Learn more about our policy experts.

Media Contacts

Angela Bradbery, Director of Communications
w. (202) 588-7741
c. (202) 503-6768
abradbery@citizen.org, Twitter

Don Owens, Deputy Director of Communications
w. (202) 588-7767

Karilyn Gower, Press Officer
w. (202) 588-7779

David Rosen, Press Officer, Regulatory Affairs
w. (202) 588-7742

Nicholas Florko, Communications Officer, Global Trade Watch
w. (202) 454-5108

Other Important Links

Press Release Database
Citizen Vox blog
Texas Vox blog
Consumer Law and Policy blog
Energy Vox blog
Eyes on Trade blog

Follow us on Twitter


March 4, 2009  

Reform Groups Urge Congress to Prohibit ‘Congressional Insider Trading’

Reps. Baird, Slaughter and Walz Sponsor ‘Stop Trading on Congressional Knowledge Act’

WASHINGTON, D.C. – Several reform groups today urged Congress to adopt the “Stop Trading on Congressional Knowledge Act” (H.R. 682). The measure, sponsored by Reps. Brian Bair (D-Wash.), Louise McIntosh Slaughter (D-N.Y.) and Tim Walz (D-Minn.), would prohibit members of Congress, congressional staff and other federal employees from using non-public information for insider trading in the stock markets.

The organizations supporting the legislation include Common Cause, Democracy 21, League of Women Voters, Public Citizen and U.S. PIRG. The groups expressed surprise that congressional insider trading is not already illegal. As the letter observes:

“The Securities and Exchange Commission (SEC) does not have the authority to hold employees of Congress or the Executive Branch liable for using non-public information gained from official proceedings for insider trading. Under current law, ‘insider trading’ is defined as the buying or selling of securities or commodities based on non-public information in violation of confidentiality – either to the issuing company or the source of information. Most federal officials and employees do not owe a duty of confidentiality to the federal government and thus are not liable for insider trading.”

Currently, members of Congress, their staff and other federal employees may obtain non-public information in the course of their official duties that sheds light on inside information on the stocks and commodities markets and use that information for personal gain. There is growing concern that lobbyists and “political intelligence consultants” may also be trying to cash in on knowledge gained from federal officials and their staffs about the stock markets.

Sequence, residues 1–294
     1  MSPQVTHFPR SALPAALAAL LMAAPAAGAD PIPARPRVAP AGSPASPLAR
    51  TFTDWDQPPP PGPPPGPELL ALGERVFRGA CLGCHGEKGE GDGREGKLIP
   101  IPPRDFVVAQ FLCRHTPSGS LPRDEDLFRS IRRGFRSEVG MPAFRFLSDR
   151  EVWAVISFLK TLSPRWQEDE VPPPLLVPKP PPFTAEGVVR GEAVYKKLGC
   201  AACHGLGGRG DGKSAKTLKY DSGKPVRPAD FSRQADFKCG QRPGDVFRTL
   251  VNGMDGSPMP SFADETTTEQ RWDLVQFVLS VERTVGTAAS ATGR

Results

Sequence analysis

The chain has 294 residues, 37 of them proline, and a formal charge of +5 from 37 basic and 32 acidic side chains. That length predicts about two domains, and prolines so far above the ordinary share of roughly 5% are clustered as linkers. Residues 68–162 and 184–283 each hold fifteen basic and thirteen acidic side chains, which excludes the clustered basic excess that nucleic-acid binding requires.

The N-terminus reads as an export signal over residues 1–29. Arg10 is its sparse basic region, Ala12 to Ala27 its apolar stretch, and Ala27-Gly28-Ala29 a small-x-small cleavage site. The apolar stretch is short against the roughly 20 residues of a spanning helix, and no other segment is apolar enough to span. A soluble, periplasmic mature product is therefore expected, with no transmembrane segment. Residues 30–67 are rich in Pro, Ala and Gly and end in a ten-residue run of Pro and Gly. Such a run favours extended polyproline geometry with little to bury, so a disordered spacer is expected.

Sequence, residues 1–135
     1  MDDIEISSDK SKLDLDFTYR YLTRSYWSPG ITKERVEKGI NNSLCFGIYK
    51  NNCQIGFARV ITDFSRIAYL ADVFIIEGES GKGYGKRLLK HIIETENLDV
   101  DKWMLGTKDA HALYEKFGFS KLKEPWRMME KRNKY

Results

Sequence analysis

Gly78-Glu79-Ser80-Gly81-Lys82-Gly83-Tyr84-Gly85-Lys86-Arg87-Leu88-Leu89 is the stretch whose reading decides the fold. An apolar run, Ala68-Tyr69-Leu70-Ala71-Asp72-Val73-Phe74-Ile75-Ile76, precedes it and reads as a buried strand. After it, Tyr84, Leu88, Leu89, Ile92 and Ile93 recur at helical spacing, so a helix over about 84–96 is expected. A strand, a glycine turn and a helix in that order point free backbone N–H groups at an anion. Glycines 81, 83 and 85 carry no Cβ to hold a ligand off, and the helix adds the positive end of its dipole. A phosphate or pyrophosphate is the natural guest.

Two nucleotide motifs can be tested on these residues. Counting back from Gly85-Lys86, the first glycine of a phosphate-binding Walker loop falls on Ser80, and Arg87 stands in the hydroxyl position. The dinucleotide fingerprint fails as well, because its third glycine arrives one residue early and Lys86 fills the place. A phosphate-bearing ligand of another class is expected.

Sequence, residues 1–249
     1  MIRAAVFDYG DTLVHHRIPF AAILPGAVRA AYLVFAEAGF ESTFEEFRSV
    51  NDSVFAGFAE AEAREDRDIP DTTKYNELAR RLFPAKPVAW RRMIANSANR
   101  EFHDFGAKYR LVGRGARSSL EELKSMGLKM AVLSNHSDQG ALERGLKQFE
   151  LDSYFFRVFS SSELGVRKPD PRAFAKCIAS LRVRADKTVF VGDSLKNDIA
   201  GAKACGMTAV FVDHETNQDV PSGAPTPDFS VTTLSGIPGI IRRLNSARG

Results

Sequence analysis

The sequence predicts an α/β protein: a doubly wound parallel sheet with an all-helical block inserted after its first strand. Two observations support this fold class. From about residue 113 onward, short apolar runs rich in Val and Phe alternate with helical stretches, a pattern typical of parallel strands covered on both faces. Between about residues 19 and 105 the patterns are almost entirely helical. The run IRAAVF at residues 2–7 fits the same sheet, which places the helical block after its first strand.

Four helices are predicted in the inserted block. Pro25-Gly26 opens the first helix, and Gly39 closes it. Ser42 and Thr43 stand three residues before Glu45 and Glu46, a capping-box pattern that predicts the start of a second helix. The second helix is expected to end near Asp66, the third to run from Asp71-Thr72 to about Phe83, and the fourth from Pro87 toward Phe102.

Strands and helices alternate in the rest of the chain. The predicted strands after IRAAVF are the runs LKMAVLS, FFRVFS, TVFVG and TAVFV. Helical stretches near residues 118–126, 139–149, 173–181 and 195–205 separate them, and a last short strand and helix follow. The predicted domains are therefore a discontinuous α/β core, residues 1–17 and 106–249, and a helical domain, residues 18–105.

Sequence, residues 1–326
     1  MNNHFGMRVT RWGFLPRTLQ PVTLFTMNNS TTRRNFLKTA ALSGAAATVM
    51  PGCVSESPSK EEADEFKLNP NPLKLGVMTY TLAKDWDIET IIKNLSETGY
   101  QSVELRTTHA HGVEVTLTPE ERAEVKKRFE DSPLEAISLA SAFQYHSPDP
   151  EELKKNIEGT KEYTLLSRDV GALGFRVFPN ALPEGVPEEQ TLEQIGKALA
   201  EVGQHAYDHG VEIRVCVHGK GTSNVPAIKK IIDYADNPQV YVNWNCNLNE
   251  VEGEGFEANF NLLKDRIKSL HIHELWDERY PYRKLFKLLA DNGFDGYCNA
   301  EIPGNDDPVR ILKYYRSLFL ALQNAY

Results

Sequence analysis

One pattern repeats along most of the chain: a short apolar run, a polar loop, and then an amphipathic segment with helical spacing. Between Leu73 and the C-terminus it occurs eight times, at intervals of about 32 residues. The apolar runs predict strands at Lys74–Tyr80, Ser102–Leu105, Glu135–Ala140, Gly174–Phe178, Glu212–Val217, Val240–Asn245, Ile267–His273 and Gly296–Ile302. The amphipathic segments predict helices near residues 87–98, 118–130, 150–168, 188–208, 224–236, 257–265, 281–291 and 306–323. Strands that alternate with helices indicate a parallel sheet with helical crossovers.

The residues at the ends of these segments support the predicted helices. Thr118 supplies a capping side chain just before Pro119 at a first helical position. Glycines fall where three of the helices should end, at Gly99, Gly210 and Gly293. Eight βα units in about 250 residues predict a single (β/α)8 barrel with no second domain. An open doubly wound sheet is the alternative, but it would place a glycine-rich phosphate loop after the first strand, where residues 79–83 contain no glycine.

Consequently, the groups call for banning congressional insider trading and greater scrutiny of “political intelligence consultants” who cultivate staff connections in order to get information that can be used to take advantage of the markets. According to the letter:

“The legislation would prohibit members of Congress, congressional staff and other federal employees from using non-public information obtained through their official duties for personal gain in the stocks and commodities markets. It would also prohibit private individuals and firms who attempt to mine such information from public officials to use it for insider trading.”

The legislation is needed because of the federal government’s greater role in overseeing the financial services industry, which increases the risk that federal employees will use their insider knowledge of legislation, rules and even business trends to profit from the trading markets, the letter says.

To read the letter, go to http://www.citizen.org/congress/govt_reform/ethics/articles.cfm?ID=18423.


Copyright © 2016 Public Citizen. Some rights reserved. Non-commercial use of text and images in which Public Citizen holds the copyright is permitted, with attribution, under the terms and conditions of a Creative Commons License. This Web site is shared by Public Citizen Inc. and Public Citizen Foundation. Learn More about the distinction between these two components of Public Citizen.

Public Citizen, Inc. and Public Citizen Foundation


Together, two separate corporate entities called Public Citizen, Inc. and Public Citizen Foundation, Inc., form Public Citizen. Both entities are part of the same overall organization, and this Web site refers to the two organizations collectively as Public Citizen.

Although the work of the two components overlaps, some activities are done by one component and not the other. The primary distinction is with respect to lobbying activity. Public Citizen, Inc., an IRS § 501(c)(4) entity, lobbies Congress to advance Public Citizen’s mission of protecting public health and safety, advancing government transparency, and urging corporate accountability. Public Citizen Foundation, however, is an IRS § 501(c)(3) organization. Accordingly, its ability to engage in lobbying is limited by federal law, but it may receive donations that are tax-deductible by the contributor. Public Citizen Inc. does most of the lobbying activity discussed on the Public Citizen Web site. Public Citizen Foundation performs most of the litigation and education activities discussed on the Web site.

You may make a contribution to Public Citizen, Inc., Public Citizen Foundation, or both. Contributions to both organizations are used to support our public interest work. However, each Public Citizen component will use only the funds contributed directly to it to carry out the activities it conducts as part of Public Citizen’s mission. Only gifts to the Foundation are tax-deductible. Individuals who want to join Public Citizen should make a contribution to Public Citizen, Inc., which will not be tax deductible.


To become a member of Public Citizen, click here.
To become a member and make an additional tax-deductible donation to Public Citizen Foundation, click here.